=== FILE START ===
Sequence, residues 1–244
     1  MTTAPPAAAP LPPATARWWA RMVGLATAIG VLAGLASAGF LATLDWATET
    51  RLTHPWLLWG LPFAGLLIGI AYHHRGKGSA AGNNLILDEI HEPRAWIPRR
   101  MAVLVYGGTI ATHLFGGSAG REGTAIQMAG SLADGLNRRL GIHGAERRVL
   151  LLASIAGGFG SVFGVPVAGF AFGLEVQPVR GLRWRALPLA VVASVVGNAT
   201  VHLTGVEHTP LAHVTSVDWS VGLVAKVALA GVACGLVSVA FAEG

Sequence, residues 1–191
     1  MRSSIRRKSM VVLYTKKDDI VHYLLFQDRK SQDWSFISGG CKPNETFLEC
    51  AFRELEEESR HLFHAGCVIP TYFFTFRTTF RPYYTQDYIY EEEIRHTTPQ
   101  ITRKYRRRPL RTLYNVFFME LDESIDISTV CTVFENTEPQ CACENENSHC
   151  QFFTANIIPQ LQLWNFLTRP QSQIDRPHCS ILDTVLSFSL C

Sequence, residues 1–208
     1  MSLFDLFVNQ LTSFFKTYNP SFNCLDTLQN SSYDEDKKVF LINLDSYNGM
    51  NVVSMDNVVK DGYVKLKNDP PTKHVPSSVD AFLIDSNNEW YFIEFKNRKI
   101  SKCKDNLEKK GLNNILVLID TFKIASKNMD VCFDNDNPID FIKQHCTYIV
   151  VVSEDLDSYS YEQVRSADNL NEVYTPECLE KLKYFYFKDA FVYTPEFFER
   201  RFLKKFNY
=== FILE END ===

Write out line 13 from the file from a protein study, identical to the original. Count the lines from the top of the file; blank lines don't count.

     1  MSLFDLFVNQ LTSFFKTYNP SFNCLDTLQN SSYDEDKKVF LINLDSYNGM